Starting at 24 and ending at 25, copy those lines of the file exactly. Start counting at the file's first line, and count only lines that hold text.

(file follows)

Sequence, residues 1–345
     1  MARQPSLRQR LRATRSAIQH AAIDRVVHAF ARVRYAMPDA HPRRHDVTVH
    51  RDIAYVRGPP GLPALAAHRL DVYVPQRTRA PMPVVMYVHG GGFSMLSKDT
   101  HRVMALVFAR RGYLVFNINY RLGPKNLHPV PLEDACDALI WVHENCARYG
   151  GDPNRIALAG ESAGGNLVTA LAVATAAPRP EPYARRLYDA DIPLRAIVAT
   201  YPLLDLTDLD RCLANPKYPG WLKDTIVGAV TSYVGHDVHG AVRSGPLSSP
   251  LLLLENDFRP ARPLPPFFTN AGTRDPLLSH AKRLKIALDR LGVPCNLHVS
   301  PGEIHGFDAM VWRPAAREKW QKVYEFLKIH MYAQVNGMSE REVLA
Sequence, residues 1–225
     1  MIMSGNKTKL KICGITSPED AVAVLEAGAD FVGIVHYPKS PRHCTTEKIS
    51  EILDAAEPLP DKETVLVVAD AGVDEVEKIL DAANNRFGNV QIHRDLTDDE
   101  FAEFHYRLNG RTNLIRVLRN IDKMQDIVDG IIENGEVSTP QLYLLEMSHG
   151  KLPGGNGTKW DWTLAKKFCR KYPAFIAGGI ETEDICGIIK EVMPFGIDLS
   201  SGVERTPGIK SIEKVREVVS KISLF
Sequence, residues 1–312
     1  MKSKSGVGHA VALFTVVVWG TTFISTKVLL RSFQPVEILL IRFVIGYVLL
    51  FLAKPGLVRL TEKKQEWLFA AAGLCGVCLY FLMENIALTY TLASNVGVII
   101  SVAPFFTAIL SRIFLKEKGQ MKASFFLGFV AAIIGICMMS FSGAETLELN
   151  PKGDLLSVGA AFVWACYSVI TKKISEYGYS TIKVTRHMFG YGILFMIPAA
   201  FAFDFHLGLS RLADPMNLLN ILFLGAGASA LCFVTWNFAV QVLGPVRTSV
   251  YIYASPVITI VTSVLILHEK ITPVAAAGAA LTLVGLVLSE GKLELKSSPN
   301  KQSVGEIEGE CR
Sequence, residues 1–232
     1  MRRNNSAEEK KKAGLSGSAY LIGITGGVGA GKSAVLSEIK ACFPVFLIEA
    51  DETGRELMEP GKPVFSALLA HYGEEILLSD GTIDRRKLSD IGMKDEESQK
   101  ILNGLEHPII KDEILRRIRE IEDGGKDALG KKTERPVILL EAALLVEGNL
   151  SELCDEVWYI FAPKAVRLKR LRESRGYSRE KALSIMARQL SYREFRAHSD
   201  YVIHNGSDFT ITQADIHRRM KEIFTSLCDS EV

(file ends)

     1  MRRNNSAEEK KKAGLSGSAY LIGITGGVGA GKSAVLSEIK ACFPVFLIEA
    51  DETGRELMEP GKPVFSALLA HYGEEILLSD GTIDRRKLSD IGMKDEESQK